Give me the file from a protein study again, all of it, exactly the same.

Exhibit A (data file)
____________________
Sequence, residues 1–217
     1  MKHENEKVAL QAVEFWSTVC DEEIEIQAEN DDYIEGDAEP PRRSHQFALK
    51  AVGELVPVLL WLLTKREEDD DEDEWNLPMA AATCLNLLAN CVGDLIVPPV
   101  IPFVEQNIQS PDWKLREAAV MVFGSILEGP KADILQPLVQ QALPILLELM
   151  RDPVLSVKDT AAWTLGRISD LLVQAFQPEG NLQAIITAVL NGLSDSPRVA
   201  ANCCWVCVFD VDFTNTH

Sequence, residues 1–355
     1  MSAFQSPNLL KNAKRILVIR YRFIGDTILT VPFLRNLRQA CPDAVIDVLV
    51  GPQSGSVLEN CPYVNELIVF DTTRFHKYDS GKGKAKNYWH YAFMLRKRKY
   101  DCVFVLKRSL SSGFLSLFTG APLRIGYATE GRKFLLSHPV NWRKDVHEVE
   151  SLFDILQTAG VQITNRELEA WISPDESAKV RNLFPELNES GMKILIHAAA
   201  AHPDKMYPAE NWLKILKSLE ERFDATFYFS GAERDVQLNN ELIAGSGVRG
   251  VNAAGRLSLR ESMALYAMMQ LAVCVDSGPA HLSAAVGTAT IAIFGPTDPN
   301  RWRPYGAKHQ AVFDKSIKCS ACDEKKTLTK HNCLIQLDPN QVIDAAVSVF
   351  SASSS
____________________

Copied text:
Sequence, residues 1–217
     1  MKHENEKVAL QAVEFWSTVC DEEIEIQAEN DDYIEGDAEP PRRSHQFALK
    51  AVGELVPVLL WLLTKREEDD DEDEWNLPMA AATCLNLLAN CVGDLIVPPV
   101  IPFVEQNIQS PDWKLREAAV MVFGSILEGP KADILQPLVQ QALPILLELM
   151  RDPVLSVKDT AAWTLGRISD LLVQAFQPEG NLQAIITAVL NGLSDSPRVA
   201  ANCCWVCVFD VDFTNTH

Sequence, residues 1–355
     1  MSAFQSPNLL KNAKRILVIR YRFIGDTILT VPFLRNLRQA CPDAVIDVLV
    51  GPQSGSVLEN CPYVNELIVF DTTRFHKYDS GKGKAKNYWH YAFMLRKRKY
   101  DCVFVLKRSL SSGFLSLFTG APLRIGYATE GRKFLLSHPV NWRKDVHEVE
   151  SLFDILQTAG VQITNRELEA WISPDESAKV RNLFPELNES GMKILIHAAA
   201  AHPDKMYPAE NWLKILKSLE ERFDATFYFS GAERDVQLNN ELIAGSGVRG
   251  VNAAGRLSLR ESMALYAMMQ LAVCVDSGPA HLSAAVGTAT IAIFGPTDPN
   301  RWRPYGAKHQ AVFDKSIKCS ACDEKKTLTK HNCLIQLDPN QVIDAAVSVF
   351  SASSS